The plants-for-plastic-bottles initiative supports Filinvest City’s Urban Farm program that uses natural practices to promote a more sustainable lifestyle and eco-conscious community.
Urban Farm incorporates the use of organic fertilizer, such as acacia leaves, vermicompost and bokashi. Acacia leaves are a natural soil amendment rich in nitrogen. The soil amendment , according to Polinag, fights fungus and harmful pests and contains mycorrhizae properties that promote root growth and the overall health of a plant.
The CBD is also into raising edible plants, Polinag said: “We started a garden for edible plants inside the FC Nursery. It is not yet open to the public, but we are going to sell the produce at Eats by the Park [a row of food stalls at Central Park].’’
With these initiatives, Filinvest City has become one of the greenest CBDs in the country. It boasts 4,795 trees, including 554 palms, and shrubs that cover 8.4 hectares, Polinag said. Fifty landscape personnel tend the trees and shrubs.
To help educate the public, especially the young, a project is to be launched to mark the anniversary of Filinvest Alabang Inc. (FAI): putting name tags on the trees at Central Park and the Spectrum Linear Park, which is perpendicular to Central Park.
FAI was incorporated on Aug. 25, 1993, to develop Filinvest City. The Gotianuns bested the Ayalas and Gokongweis in the privatization of the government property in Alabang, which had hosted the Serum and Vaccine Laboratory of the Department of Health and a stock farm of the Department of Agriculture.
Polinag said educational tours and mini seminars on good plant nursery practices would be conducted “once we have rehabilitated the nursery.”
Moving forward, Filinvest City will maintain its wide-open space to differentiate it from other CBDs, said a senior associate account director of a twin-tower development. She said 70% of the CBD would be kept as open space, leaving just 30% for buildings.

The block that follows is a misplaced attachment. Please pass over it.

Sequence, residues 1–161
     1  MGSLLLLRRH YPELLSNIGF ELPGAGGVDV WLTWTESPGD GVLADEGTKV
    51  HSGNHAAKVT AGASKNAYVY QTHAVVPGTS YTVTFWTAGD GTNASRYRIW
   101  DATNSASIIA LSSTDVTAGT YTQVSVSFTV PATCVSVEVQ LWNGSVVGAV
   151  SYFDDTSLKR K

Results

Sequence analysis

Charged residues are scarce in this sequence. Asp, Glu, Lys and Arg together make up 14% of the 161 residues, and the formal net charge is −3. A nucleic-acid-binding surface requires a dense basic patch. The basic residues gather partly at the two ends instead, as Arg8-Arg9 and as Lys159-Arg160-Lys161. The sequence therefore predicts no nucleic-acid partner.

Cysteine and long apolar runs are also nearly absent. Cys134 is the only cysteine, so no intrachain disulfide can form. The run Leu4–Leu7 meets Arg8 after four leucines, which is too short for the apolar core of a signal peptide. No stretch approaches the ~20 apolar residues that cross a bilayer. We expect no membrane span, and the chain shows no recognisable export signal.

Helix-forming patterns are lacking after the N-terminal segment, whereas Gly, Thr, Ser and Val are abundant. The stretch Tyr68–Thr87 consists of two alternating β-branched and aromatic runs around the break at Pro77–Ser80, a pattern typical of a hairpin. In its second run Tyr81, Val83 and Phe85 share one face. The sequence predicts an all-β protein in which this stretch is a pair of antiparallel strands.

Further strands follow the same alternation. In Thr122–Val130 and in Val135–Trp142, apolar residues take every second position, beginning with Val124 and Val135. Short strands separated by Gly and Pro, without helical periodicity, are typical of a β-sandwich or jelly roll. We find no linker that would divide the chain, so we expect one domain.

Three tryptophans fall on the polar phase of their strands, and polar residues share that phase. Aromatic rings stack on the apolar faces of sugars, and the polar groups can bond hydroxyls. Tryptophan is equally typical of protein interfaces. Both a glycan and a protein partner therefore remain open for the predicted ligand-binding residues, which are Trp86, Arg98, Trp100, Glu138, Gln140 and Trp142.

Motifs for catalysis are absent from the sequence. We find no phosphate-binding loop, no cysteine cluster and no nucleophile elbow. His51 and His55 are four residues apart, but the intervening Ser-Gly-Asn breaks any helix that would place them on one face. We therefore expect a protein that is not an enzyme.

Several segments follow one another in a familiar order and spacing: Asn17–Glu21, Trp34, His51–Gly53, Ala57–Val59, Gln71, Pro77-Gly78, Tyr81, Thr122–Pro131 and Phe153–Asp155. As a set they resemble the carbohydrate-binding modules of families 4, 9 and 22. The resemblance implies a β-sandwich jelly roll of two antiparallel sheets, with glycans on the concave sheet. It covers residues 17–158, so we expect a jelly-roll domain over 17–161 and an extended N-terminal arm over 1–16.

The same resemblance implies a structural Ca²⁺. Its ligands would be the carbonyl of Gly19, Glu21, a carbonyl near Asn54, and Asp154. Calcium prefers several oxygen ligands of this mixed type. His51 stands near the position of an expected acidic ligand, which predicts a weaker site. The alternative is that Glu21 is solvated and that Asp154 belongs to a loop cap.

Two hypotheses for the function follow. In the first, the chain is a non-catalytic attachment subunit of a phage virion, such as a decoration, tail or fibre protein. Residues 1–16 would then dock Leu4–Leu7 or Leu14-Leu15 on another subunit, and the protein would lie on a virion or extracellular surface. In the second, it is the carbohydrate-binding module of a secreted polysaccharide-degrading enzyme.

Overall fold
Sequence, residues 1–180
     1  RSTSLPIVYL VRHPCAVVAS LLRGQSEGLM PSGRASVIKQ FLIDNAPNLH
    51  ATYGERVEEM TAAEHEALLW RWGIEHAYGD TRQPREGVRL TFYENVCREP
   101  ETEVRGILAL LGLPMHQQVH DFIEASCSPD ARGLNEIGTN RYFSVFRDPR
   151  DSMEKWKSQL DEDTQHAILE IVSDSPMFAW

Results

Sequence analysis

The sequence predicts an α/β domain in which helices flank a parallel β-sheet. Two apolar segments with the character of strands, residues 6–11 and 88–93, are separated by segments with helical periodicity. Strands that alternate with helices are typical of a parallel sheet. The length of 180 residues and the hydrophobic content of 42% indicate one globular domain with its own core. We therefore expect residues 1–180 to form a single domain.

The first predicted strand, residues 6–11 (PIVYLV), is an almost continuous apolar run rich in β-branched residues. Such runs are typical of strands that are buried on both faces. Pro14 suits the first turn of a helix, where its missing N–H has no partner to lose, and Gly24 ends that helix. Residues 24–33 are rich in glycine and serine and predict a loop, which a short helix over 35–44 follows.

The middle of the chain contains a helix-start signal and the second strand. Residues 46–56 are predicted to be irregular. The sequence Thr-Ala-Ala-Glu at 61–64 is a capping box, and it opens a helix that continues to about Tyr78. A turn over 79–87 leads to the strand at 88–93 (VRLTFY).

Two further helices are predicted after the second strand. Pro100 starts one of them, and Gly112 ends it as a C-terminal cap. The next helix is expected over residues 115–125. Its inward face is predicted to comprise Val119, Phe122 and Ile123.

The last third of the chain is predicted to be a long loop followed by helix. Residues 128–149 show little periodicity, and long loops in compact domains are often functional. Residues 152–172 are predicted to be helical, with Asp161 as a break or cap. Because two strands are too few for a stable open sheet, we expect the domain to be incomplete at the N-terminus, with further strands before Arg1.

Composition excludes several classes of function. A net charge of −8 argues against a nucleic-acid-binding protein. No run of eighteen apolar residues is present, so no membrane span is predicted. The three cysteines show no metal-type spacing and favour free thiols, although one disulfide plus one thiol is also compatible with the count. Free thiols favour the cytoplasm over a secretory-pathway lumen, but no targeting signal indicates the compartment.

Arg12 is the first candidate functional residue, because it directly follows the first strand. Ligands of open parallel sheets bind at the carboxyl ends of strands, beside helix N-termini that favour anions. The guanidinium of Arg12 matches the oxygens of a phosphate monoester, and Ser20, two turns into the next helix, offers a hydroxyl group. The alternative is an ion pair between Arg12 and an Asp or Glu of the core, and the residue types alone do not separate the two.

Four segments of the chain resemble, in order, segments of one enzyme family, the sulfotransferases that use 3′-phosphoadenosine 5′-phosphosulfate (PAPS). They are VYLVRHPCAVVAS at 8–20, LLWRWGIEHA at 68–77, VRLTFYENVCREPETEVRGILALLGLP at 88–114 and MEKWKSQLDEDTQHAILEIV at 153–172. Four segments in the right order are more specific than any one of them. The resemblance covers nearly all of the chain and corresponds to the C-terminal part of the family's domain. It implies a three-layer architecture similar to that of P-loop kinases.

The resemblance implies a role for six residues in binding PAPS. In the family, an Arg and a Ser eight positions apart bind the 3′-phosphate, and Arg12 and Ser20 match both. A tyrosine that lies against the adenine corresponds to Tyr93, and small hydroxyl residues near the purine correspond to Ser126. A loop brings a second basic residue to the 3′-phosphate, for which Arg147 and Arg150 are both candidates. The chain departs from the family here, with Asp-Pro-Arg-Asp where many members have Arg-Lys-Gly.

It makes sense to keep Filinvest City as a place with trees, vegetation and parks where people can destress, exercise, play and find respite from the heat.
Trees lower surface and air temperatures. Shaded surfaces may be 11-25°C cooler than the peak temperatures of unshaded materials, according to the US Environment Protection Agency (EPA). Evapotranspiration of trees and vegetation, alone or in combination with shading, can help reduce peak summer temperatures by 1-5°C, the EPA said.
Trees and vegetation also attract birds and insects that pollinate flowers. One can walk or bike in Central and Linear Parks, especially on weekdays, and listen to birdsong and watch sparrows congregate on foot paths.
On a clear morning this month, a walker also observed swiftlets and dragonflies flying over the grass, butterflies flitting about, ornamental plants and hedges displaying their colors, and flowers blooming—all under a canopy of trees and a blue sky.
These are scenes that help ease the stress of city living in the era of global boiling.